The vast suffering caused by Cyclone Nargis in Myanmar has been exacerbated by the country’s brutal military rulers, with foreign governments and international aid agencies unable to reach as many as 1.5 million victims.
The cyclone has repaid in full the vast hubris of the Burmese, who for decades have enjoyed exceptional quality of life and a prominence in world affairs well out of proportion to their size.
Put simply, from the day the military took power in 1962 until the cleansing winds of Cyclone Nargis fell silent last week, Burma has had it too good for too long.
In a way, one can understand the intense nationalism of the Burmese people. Theirs is the largest country in mainland south-east Asia. Theirs is the longest electoral cycle. This nation of 55 million (subject to revision, check newspapers) is an export powerhouse, supplying secretaries-general to the UN, foreign-policy disasters to China and ASEAN, and now millions of rooves to the streets.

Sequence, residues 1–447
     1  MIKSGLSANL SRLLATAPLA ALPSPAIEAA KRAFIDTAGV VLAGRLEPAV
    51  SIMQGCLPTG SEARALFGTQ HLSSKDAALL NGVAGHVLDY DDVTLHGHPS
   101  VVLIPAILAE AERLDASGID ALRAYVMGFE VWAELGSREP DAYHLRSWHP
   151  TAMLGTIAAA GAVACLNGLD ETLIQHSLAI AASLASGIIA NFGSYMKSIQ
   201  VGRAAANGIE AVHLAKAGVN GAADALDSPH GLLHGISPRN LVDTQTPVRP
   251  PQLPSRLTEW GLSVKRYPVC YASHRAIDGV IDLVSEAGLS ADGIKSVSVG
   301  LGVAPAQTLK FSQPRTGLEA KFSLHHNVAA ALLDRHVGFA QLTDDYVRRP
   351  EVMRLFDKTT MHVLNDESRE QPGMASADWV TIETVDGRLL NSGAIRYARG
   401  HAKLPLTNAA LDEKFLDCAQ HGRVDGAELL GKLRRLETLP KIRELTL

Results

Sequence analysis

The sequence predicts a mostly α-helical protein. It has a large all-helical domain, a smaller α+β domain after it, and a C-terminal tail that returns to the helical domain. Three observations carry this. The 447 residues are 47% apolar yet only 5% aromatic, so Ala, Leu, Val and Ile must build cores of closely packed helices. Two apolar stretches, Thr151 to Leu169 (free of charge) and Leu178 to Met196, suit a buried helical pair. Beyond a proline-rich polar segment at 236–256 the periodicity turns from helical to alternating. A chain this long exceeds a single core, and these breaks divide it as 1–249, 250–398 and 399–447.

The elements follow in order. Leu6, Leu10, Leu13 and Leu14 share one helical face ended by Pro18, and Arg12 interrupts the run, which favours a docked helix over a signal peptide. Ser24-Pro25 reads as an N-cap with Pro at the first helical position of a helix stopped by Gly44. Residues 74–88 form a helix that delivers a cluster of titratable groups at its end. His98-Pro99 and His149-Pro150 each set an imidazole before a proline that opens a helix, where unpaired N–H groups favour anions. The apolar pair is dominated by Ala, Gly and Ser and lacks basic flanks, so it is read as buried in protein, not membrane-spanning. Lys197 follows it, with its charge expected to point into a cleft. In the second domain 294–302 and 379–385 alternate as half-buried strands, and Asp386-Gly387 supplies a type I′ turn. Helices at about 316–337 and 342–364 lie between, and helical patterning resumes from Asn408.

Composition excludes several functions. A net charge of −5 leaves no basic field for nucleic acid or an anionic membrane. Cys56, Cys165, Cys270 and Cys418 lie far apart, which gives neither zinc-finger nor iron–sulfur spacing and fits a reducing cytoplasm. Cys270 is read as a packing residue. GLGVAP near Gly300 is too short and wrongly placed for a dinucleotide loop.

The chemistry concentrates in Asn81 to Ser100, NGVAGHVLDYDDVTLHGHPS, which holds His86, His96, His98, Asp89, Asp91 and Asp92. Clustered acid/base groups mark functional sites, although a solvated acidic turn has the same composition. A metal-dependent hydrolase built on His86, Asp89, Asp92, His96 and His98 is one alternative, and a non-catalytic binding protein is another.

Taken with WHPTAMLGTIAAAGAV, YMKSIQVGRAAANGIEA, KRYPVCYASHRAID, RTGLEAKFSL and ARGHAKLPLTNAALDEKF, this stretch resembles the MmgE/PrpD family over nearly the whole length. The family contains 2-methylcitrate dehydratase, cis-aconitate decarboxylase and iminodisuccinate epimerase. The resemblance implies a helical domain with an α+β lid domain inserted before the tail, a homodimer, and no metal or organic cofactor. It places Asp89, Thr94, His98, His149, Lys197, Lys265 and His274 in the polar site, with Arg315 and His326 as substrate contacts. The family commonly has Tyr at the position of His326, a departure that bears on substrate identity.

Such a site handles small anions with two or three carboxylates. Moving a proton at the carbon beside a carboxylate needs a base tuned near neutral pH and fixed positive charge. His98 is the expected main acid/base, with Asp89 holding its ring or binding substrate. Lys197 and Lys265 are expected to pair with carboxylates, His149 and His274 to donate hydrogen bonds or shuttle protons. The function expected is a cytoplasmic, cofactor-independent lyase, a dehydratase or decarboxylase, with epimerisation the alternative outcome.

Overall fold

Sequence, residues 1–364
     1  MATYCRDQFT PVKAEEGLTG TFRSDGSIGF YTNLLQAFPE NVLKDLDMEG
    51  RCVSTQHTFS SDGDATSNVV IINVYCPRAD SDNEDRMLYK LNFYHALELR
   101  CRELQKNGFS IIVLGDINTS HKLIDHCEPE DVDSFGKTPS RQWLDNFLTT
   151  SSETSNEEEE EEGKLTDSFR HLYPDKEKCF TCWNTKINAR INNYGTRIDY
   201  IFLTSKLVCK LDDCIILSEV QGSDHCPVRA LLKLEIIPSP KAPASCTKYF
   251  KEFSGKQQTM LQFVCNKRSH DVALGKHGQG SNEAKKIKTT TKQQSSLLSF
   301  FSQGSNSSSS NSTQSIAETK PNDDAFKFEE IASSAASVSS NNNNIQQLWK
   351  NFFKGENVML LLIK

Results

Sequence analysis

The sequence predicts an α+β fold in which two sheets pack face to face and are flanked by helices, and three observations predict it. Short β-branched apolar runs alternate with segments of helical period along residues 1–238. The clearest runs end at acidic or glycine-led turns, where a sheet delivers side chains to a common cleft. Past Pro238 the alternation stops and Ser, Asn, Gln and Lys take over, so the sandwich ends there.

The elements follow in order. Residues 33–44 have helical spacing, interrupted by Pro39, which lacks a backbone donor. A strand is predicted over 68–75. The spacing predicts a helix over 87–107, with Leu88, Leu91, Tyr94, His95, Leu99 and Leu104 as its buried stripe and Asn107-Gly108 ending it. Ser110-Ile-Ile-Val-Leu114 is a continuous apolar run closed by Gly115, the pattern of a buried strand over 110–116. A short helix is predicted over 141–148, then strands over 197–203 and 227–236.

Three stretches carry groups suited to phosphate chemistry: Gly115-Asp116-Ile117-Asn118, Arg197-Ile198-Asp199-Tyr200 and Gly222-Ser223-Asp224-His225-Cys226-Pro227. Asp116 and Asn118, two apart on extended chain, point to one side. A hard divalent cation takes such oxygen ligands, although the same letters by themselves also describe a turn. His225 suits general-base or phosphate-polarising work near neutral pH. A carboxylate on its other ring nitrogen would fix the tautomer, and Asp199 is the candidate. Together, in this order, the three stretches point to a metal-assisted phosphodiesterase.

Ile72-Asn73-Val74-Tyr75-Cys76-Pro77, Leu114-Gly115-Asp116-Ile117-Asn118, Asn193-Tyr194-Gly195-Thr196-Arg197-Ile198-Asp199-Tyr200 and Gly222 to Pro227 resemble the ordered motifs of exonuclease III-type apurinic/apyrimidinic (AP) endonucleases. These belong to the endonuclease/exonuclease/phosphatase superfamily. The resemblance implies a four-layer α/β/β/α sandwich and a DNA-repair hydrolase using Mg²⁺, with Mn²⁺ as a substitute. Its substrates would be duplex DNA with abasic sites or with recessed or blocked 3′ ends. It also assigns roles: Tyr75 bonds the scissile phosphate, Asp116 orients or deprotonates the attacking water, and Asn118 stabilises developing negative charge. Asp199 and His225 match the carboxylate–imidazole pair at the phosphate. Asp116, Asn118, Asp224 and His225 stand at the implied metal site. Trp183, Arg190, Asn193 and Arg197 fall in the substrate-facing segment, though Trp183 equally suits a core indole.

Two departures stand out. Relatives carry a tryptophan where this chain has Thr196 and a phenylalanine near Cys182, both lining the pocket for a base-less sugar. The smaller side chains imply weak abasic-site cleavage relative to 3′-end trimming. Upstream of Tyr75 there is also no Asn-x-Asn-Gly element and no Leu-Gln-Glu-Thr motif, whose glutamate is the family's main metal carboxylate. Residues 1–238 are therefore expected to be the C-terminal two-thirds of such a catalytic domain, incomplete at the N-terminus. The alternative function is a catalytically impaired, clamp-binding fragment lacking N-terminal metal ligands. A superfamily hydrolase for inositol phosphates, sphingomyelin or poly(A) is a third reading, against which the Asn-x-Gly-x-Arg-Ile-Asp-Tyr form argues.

A Burmese government spokesman says military police confronted Nargis on 1 May after suspecting that it intended to form a political party. Somewhere between zero and 22,000 people died as the category-four cyclone resisted arrest, however the storm was subdued and questioned by authorities before being deported the following day.
Of course a cynic may ask whether the official line is truthful, but to do so would be to ignore the ancient charm of one of Asia’s most magical tyrannies.
So far, the government is sticking to plans for a constitutional referendum this weekend. In a bid to win support for continued military control of the country, a planned television ad campaign will tell voters that if they don’t remember how bad things were under Win Maung and the People’s Freedom League, they should ask anyone who survived.